After falling in love almost at first sight, Sara and Erik Sanders dated for six years before he popped the question. “We met at Rhodes College in Memphis,” Sara says. “We got to know each other through intramurals—he played basketball and I was scorekeeper!”

The couple began dating during her sophomore year (his senior) and continued after Erik’s graduation— when he moved to Louisiana to attend law school at Louisiana State University. During the next five years, they continued to date through semesters abroad and Sara’s move to New Orleans. The subject of marriage often came up and so did the subject of wedding location: “The first decision we made was that our wedding would be in Louisville— this was decided before the actual proposal!” says Sara.

That moment came on Friday, November 13, 2015. “My parents were visiting from Louisville,” says Sara, “and we had decided to spend Thursday and Friday in New Orleans,” she says. “I thought Erik and his parents were going to come meet us for dinner and drinks, but Erik arrived early and surprised me in Jackson Square near the hotel where we were staying for the weekend. My parents and a couple of friends were there to congratulate us, and Erik’s parents met us to celebrate!”

They quickly settled on a date and chose the historic Brown Hotel as their venue. “Convenience for our guests was a huge factor since most of our guests were from out of town and many had never been to Louisville,” says Sara. “Having the wedding ceremony, reception, and room block at the same venue was very convenient! Many of our guests told us how convenient everything was for them throughout the weekend, and we are so grateful the Brown could make all of that work for us. The rehearsal dinner and welcome party were held next door at the Marketplace Restaurant allowing for a different ambiance while preserving the convenience factor.”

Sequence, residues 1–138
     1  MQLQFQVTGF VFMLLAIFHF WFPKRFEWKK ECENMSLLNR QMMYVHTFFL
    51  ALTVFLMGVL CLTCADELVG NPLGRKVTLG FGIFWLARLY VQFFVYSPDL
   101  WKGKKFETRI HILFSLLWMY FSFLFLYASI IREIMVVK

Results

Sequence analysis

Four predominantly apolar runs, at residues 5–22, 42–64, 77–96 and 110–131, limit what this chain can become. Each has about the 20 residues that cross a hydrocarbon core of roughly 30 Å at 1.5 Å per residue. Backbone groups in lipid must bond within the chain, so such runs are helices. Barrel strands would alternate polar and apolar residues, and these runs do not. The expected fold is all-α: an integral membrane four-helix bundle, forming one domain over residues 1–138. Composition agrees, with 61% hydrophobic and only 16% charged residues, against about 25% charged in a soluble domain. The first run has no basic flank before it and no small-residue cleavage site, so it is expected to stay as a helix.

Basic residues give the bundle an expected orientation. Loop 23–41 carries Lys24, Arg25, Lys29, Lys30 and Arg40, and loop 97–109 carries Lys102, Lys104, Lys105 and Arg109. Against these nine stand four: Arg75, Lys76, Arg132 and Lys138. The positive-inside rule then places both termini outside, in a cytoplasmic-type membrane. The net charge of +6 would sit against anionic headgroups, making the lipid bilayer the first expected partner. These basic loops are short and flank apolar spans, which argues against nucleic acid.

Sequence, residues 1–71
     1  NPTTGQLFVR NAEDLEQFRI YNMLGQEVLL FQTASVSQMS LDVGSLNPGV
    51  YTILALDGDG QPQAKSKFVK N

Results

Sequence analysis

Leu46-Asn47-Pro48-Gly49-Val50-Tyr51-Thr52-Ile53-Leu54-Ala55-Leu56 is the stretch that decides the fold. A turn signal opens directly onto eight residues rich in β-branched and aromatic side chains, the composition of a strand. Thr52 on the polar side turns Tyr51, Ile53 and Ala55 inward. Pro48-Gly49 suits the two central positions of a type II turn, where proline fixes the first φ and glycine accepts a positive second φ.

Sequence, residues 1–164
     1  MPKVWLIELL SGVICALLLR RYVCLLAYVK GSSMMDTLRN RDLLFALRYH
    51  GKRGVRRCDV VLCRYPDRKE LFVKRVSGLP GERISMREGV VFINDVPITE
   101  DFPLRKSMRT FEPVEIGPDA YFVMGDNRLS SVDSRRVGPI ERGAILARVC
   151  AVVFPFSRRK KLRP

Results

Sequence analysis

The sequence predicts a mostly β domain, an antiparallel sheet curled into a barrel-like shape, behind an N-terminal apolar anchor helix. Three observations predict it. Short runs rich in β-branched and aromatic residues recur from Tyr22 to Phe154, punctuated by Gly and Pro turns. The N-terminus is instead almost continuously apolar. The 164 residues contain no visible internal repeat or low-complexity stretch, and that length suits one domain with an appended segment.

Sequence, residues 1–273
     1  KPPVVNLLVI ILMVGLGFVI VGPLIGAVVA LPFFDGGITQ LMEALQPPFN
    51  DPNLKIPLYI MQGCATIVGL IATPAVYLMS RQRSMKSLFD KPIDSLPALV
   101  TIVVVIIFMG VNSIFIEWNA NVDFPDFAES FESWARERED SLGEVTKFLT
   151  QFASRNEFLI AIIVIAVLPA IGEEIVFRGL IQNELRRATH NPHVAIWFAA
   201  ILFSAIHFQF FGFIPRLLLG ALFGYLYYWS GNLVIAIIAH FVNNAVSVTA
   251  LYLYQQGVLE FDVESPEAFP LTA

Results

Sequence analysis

While Sara’s mother had to do a lot of the legwork and appointments, Sara helped with planning on short trips home. “We had such special relationships with each of our vendors, and they were so accommodating in the planning with us being out of town and needing to cram everything in on one or two days at a time.”

She and Erik also decided early on that they wanted to have elements representative of both Louisville and New Orleans emphasized throughout the weekend.  Erik’s mom used fleur de lis Mardi Gras style beads as favors for the guests at the rehearsal dinner, their send-off was a parade led by a second line brass band, and wedding favors were koozies and second line handkerchiefs. They had Louisville-themed elements beyond the location— naming the tables at the wedding after Derby winners, using a bourbon barrel head as a guest book, and using KFC buckets to hold all of their “room drop” goodies. (These included a variety of Louisville-made products including Modjeskas, Ale-8-One, bourbon balls and horseshoes.) Most important to Erik was his groom’s cake.  “Melissa at Louisvillicious created an incredible 3D Lynx cat cake per Erik’s vision,” says Sara. “Rhodes’ mascot is the lynx, so he knew he wanted that to be the focus for his cake from day one.”

"Convenience for our guests was a huge factor, since most of them were from out of town and many had never been to Louisville."

There were special moments during the actual ceremony too, which was a mixed faith Christian-Jewish service. “Our officiant, Jud Hendrix, assisted us in creating a very personalized ceremony that involved some Jewish customs and a Christian prayer,” says Sara. They had two literary readings about marriage and relationships, and Erik’s aunt said some words about the couple in place of a homily—a very personal and touching element during an otherwise short-and-sweet ceremony.  The ceremony closed with Erik’s Uncle reading the Shehecheyanu, a Jewish blessing, and Erik breaking the glass followed by a collective, “Mazel Tov.”

“It was not very traditional, but it was very us,” says Sara. There were other unique touches throughout the evening. For the reception, the couple hired a caricature artist instead of having a photo booth.  They also had an ice bar that served only champagne and a draft beer bar comprising a tap behind two bourbon barrels and a table top.  “At one of the two main bars, one of the bartenders had his fingers stained red from making old fashioned cocktails all night,” she says.

As for Sara’s advice to other couple’s planning their big day? “Decide early on the things you are willing to compromise on and those other things that are very important to you,” she says. “Schedule time to plan and stay organized and be a little selfish in the planning. You won’t be able to accommodate everyone and you will make yourself crazy trying.”

Posted on 2017-12-08 by Christine Fellingham